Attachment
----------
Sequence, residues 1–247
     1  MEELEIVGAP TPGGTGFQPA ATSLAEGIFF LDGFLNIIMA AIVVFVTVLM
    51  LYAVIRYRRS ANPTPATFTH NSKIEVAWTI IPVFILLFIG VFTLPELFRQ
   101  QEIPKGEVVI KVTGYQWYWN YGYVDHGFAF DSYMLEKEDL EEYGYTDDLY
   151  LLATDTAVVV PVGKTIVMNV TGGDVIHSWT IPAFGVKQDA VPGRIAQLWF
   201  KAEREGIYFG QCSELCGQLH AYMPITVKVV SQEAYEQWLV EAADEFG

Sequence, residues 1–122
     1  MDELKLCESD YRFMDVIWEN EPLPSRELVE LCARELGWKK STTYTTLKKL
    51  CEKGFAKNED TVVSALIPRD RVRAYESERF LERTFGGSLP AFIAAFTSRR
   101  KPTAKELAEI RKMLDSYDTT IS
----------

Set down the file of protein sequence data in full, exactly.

Sequence, residues 1–247
     1  MEELEIVGAP TPGGTGFQPA ATSLAEGIFF LDGFLNIIMA AIVVFVTVLM
    51  LYAVIRYRRS ANPTPATFTH NSKIEVAWTI IPVFILLFIG VFTLPELFRQ
   101  QEIPKGEVVI KVTGYQWYWN YGYVDHGFAF DSYMLEKEDL EEYGYTDDLY
   151  LLATDTAVVV PVGKTIVMNV TGGDVIHSWT IPAFGVKQDA VPGRIAQLWF
   201  KAEREGIYFG QCSELCGQLH AYMPITVKVV SQEAYEQWLV EAADEFG

Sequence, residues 1–122
     1  MDELKLCESD YRFMDVIWEN EPLPSRELVE LCARELGWKK STTYTTLKKL
    51  CEKGFAKNED TVVSALIPRD RVRAYESERF LERTFGGSLP AFIAAFTSRR
   101  KPTAKELAEI RKMLDSYDTT IS